12. Dec, 2016

12.12.16 Pasto, Colombia to Ibarra, Ecuador. Day 175

We are in Ecuador! We had a plan yesterday, it was a two hour ride to the border crossing at Ipiales in Colombia, and another two hour ride to our destination, Ibarra in Ecuador.

 

We chose the Ipiales crossing, as it is on the main route, and there is only one other crossing into Ecuador, which we had been warned may take you into an area that is a bit unsavoury. The crossing was to be the first major customs border we had used apart from those at the airport.

 

The plan was a good one, because the most a border has ever taken us is about 2 ½ hours, so it would work perfectly………

 

This border had other ideas for us. Exiting Colombia was fairly painless, despite having to queue for a while, we both obtained our exit stamps quickly, and Paul handed in the Temporary permit for the bike.

 

We could see the Ecuadorian border from where we stood, it looked much newer, larger and more efficient. Great.  As usual, when we drove down the parking area was extremely small, and as soon as we had squeezed into a spot, the guys descended trying to help us, and sell us ice cream, drinks etc.

 

It was at this point I noticed the queue snaking it’s way around the car park. The guy in front of us was pointing excitedly, and saying that is the queue for immigration, and the vehicle permit office is around the corner. Paul turned to me and said, ‘you go first’- we don’t ever leave the bike without someone with it, because we can’t lock everything away. I took my place in line, hoping that it went down quickly, as I needed the loo.  One hour later, I spotted a toilet, and nipped out of my place in the queue, returning a few minutes later, for the lady behind to reluctantly let me back in.  Every space in this queue counted! It’s extremely difficult for Latin Americans to queue nicely.  There were a few Americans, English and Australians dotted around. Every time I turned another corner in the queue I thought ‘nearly there’, just to be disappointed as I realised the queue went off in another hidden direction.  Even when I got to the door of the building and looked inside there were probably still another 40 people queuing ahead of me. Eventually, I was called forward, my turn, after two hours of waiting, and had a very brief conversation with the customs officer before she allowed me my stamp of entry. I returned to Paul, and it was his turn to take his place. Luckily the queues had gone down, and the whole procedure of entry stamp and vehicle permit only took him 1 ¾ hours.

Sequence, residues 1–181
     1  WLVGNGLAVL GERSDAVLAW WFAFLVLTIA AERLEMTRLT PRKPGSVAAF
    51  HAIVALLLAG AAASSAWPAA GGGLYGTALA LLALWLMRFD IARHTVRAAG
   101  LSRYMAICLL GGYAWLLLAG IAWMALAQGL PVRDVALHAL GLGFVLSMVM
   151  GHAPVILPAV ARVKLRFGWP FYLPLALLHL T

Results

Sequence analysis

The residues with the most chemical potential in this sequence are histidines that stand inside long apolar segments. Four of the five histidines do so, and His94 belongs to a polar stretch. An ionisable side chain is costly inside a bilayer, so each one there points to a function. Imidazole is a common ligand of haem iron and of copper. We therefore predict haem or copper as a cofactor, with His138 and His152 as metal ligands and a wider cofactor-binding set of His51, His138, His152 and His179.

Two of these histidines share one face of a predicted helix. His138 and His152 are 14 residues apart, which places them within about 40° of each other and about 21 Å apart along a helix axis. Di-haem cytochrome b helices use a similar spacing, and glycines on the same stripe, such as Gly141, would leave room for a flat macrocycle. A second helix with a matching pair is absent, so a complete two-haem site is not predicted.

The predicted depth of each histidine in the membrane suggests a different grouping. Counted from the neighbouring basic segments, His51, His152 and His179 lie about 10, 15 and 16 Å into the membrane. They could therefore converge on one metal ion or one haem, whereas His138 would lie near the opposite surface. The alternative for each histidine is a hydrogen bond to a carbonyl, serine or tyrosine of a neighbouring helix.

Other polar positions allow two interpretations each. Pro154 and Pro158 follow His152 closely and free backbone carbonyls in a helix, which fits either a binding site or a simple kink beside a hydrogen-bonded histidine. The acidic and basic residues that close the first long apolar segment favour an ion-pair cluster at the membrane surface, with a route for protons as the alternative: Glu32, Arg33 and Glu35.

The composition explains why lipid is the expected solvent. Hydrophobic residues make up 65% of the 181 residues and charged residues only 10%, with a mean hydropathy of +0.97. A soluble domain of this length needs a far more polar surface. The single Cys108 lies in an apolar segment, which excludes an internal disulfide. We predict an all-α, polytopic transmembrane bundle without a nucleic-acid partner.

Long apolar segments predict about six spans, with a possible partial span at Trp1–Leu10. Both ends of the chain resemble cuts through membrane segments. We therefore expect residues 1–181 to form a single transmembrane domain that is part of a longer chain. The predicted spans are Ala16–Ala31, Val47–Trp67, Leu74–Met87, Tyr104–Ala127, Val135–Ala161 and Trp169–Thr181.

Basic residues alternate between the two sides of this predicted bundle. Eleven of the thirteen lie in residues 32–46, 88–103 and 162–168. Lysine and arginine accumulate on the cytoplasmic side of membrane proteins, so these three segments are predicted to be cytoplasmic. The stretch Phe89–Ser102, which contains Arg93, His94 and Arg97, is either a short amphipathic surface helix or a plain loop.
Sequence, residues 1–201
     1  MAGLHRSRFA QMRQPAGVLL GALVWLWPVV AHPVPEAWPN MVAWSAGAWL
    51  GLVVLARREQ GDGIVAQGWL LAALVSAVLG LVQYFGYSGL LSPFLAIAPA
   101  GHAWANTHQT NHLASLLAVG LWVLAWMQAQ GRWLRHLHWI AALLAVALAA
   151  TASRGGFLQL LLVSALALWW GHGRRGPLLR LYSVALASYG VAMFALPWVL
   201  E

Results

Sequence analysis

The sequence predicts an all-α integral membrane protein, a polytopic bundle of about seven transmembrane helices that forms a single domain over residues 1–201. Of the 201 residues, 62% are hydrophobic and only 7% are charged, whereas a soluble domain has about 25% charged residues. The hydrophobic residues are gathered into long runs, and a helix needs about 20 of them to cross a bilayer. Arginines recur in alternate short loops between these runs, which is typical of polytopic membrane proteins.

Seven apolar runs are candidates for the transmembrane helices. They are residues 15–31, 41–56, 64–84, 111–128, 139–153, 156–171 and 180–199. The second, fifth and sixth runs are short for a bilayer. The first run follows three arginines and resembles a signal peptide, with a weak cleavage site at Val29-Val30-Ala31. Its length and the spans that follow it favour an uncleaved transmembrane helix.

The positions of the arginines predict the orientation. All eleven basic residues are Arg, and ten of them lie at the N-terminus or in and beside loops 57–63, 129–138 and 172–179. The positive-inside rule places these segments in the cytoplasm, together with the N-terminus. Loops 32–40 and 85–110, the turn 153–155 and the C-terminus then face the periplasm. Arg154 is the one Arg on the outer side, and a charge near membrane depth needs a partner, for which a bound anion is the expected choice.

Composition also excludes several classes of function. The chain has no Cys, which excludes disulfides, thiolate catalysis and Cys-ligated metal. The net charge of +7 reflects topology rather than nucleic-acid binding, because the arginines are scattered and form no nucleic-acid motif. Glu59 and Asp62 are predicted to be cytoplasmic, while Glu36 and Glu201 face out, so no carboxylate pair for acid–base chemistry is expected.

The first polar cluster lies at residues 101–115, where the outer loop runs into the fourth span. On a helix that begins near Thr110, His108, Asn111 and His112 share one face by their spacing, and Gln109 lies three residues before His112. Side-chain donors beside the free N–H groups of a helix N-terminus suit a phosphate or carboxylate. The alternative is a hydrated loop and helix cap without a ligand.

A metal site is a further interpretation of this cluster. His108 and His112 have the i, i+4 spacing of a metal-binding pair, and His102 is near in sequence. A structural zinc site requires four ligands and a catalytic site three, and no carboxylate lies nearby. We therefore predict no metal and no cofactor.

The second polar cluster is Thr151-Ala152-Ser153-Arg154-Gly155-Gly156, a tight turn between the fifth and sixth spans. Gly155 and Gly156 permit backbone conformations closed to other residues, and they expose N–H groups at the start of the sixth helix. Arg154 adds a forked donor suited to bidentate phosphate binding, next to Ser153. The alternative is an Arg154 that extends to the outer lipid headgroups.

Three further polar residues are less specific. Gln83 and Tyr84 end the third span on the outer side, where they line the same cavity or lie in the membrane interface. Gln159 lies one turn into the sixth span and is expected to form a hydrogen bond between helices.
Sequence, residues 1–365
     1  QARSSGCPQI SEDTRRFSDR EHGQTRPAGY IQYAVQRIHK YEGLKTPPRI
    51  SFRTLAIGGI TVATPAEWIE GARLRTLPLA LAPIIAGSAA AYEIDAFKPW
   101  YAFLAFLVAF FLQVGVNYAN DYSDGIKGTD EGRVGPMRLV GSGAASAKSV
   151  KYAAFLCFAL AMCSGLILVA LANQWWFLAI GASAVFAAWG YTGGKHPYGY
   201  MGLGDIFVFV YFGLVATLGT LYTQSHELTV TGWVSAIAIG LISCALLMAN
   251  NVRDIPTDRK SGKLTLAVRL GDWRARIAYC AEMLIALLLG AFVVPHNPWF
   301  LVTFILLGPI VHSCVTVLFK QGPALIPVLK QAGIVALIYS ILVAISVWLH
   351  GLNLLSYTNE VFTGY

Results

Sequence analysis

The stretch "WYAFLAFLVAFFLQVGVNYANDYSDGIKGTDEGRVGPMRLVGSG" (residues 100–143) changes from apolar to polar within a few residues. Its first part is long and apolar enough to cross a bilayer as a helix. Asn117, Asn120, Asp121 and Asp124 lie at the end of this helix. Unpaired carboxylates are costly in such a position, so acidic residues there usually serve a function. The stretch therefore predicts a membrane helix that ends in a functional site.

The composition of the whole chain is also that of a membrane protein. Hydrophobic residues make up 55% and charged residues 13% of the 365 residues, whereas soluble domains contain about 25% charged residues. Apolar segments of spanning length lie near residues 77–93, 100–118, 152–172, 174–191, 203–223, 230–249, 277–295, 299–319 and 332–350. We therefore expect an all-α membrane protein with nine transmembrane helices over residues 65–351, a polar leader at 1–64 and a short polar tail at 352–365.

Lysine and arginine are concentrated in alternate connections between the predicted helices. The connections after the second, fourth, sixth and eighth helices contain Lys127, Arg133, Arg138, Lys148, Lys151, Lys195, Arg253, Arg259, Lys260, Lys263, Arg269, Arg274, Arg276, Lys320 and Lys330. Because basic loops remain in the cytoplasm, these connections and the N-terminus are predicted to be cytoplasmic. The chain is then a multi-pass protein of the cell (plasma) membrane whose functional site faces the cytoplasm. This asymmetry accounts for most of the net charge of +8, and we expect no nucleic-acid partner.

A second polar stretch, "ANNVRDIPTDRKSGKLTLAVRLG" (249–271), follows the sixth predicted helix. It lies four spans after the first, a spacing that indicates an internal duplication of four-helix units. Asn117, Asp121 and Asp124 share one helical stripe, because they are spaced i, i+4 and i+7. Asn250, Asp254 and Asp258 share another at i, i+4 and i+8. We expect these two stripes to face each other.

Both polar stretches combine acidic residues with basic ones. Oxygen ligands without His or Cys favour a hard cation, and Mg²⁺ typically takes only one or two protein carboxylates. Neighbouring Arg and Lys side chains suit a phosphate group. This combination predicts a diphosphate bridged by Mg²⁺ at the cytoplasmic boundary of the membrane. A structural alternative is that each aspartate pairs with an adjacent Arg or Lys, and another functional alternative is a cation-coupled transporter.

It was 3.30pm by now, we had been at this border crossing for 5 hours, ha ha, so much for ‘it’s always quiet on a Sunday’. We hadn’t realised that the whole of Ecuador would have been visiting Colombia to buy cheap tv’s in time for Christmas!

 

Anyway, we headed off, the ride away from the border was good, but we were racing against the clock to avoid darkness. We were held up only by a few roadworks, and at the toll booth where we scrabbled to find 20 cents  (after trying to pay with a $20 note) for the toll.  We are relieved that we are expected to pay for the toll in Ecuador.  We found it difficult in Colombia, where the motorcycle toll was free. There was a designated roadway at the right hand side, the width of a motorcycle which motorcyclists are meant to go through. To the left of it was a thin but high kerb. Sometimes Paul could get the bikes wheel in the narrow part, and me in the sidecar the other side of the kerb.  Sometimes we would not even try, and go to the booth, where as you know, the attendants would become flustered by us, never having seen a contraption like ours before. On Saturday, we went for the narrow route, and became wedged on the kerb immediately, having to push the whole thing backwards.  So yes, for now, we are happy to pay 20 cents toll, thank you.

 

We arrived 15 minutes before darkness around 5.55pm. We are extremely near to the equatorial line, so there is 12 hours of light and 12 hours of darkness every day, all year round.

 

The place we are staying is called a Quinta, and overlooks Lake Yahuarcocha, it’s stunning, similar to being at the Italian Lakes, but surrounded by the Andes.